have your go at it. i am looking for critique/2nd opinions on composition,i hope its clear and everyone can see what's going on in the image.
i have been meddling with this for a while and still find myself not 100% with where everything is. i have a few versions in color and even a couple of final color images but i decided to post this one because its something that illustrates clearly where all the elements are without the distraction of color and lighting.
-- working on the city
Last edited by Slav; January 17th, 2007 at 11:36 AM.
That looks like an awesome start to a fantasy cityscape. Great foreground/middleground/background. The city archways mimic the surroundings-cool.
although the second image, the colored one had shown me what the image was about, I think is worst composed than the black and white one.
It could be fine to group the "lands" and the "waters", to direct the look from the upper right hand corner to the bottom right hand corner, covering the hole picture in the process. I did a quick paint over to express this a little better. hope you donīt mind and it could be helpful
The sky. land, and water make very static bands of color across the composition. Do something to break up that space. Try picking the focal point and building a composition around it.
I think you are awesome, and I wish you the best in your endeavors, but I am tired of repeating myself, I am very busy with my new baby, and I am no longer a regular participant here, so please do not contact me to ask for advice on your career or education. All of the advice that I have to offer can already be found in the following links. Thank you.
Perspective 101, Concept Art 101, Games Industry info,Oil Paint info, Acrylic Paint info, my sketchbook.
Inition: thanks for the comment man. cheers.
elpez: i agree with most of what you said. but there are some things like depth and such that have no been worked out properly. that's not to say the things you pointed out havent been bothering me as well.
thanks for the paint over. i needed that.
Seedling: again i need some opinions on composition, i know generally something isnt right. thanks for the comment anyways i would love it if you where more specific about exactly what you mean.
The creature in the fore ground. Seem as if you wanted them close but not on the same plane one does read deeper than the other try scaling him or rehashing the environ just surrounding it.
I like the white and black city. keep it up.
Transition from Art Critic to Artiste - Diligence, that's all I need.
Alright... I have seen many posts with some helpful comments, but you're image hasn't changed much...
basically, you have too many diverse elements with no central focal point, which is kinda throwing off your composition. The main two things drawing the eye are the huge white buildings, but they're so far apart that they're fighting with each other. The arch is sitting right over the beach, and the lines of it draw your eye back down, which fights with the buildings.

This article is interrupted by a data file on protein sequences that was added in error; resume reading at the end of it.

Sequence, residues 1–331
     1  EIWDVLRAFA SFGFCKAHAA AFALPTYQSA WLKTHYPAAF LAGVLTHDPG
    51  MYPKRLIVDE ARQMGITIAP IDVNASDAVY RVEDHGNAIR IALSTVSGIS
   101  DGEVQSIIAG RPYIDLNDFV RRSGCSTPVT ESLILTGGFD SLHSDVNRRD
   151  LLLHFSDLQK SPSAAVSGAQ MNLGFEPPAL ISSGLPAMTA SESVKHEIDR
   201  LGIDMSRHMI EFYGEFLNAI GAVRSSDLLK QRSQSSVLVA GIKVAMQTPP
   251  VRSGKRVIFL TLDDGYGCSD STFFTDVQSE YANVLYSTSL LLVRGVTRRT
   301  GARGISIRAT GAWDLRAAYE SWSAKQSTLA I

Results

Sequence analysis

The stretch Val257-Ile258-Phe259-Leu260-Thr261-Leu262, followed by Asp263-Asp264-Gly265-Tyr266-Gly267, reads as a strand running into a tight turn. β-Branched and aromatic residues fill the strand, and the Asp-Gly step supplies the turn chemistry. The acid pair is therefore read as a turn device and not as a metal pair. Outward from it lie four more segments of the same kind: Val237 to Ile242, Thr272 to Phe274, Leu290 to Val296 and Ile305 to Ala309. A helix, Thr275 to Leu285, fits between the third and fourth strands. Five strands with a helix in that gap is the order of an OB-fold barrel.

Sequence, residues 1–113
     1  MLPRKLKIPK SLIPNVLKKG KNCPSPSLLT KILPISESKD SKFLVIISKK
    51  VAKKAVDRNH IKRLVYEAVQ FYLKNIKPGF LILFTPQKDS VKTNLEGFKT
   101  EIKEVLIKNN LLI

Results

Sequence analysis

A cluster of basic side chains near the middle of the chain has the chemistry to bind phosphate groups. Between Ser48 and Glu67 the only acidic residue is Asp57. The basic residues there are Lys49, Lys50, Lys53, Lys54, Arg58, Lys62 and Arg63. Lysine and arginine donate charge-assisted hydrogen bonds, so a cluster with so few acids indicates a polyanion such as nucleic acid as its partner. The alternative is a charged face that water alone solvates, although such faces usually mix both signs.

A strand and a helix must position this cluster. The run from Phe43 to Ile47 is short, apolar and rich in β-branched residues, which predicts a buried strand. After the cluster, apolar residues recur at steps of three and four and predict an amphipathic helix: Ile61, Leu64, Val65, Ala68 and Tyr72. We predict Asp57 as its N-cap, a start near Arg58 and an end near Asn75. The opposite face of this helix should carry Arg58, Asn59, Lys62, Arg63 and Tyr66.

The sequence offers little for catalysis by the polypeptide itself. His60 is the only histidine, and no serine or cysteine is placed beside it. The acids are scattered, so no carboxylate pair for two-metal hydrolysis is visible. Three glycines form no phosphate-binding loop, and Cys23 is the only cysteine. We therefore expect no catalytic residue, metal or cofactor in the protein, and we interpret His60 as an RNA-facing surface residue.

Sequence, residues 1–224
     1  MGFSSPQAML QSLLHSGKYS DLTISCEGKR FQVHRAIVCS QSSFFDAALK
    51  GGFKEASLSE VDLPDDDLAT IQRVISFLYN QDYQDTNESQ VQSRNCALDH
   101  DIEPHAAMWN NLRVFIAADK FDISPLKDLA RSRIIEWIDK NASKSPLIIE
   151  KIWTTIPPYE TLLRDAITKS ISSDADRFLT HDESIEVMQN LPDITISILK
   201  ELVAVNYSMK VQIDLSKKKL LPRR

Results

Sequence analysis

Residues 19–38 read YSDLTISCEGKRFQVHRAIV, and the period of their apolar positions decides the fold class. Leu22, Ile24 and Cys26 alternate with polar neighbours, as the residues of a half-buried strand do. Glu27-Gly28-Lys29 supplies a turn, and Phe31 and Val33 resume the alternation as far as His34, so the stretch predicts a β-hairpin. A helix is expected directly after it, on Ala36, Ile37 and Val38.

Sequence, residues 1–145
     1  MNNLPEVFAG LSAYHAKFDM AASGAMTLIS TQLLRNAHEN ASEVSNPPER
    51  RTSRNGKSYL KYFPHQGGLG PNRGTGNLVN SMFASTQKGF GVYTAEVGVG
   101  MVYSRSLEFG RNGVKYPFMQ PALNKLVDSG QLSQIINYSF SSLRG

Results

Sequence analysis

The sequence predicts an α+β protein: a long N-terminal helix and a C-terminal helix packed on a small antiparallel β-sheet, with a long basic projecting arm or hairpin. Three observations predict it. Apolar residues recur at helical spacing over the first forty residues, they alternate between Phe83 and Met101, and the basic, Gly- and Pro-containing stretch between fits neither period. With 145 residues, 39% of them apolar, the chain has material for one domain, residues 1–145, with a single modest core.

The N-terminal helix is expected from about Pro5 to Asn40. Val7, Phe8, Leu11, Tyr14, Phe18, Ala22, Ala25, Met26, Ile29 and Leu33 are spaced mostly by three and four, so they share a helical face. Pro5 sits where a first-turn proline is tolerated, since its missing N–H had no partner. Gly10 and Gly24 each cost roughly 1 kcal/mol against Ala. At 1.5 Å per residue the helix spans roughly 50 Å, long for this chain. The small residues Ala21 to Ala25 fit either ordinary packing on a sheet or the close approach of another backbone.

The critters are awesome, but distracting. What might be helpful for you is to try squinting your eyes at the picture, look for bright things that jump out at you. Way too many big green shapes, my man.
I scaled up the critters and moved them more to the left, getting rid of the bright green shape, and firmly establishing them as a foreground element. They now also make a nice curve that leads your eye to the buildings. I also moved the buildings and the arch closer together, so that they no longer fight for dominance. The line of mountains was far too static, a dark line of color accross the middle of the image. Painting down the left side of it creates a diagnoal that also helps lead your eye to the buildings.
I've painted in the basic sight lines. Look for these in your images, they are your friend. When you have trouble finding them, or they crisscross, you are in trouble.
I notice you're indicated a lot of activity on the beach, I'd actually suggest against that. At least not where you have it place now, try moving it a bit farther back, try placing your shapes where they will enhance your sight lines, not where they will fight against them.
Hey-I really like the image your getting-the progress is neat to see. yuo want to watch the corners--like the lower left-make sure the branch doesnt lead you off and out of the peice. Its also good to remeber that people will enter a peice though the top left-like a book page in mostcases--try to put that color in both the back ground and foreround. The silver is defnitly the focal point and thats evcelent. --- also--make the monkeys looking at it- it will help some i think. You got a great comp-and color scheme. good job.
One of the usual directives of composition in this type of picture (an assymetrically based, informal one) is to steer the eye *away* from corners. It appears in this the major lines you've used are actually an X. The time to do this is when you're attempting to achieve a mostly-symmetrical piece with a lot of stability and power to the lines. I don't think that's what you're after here, and using this X will naturally direct people into corners.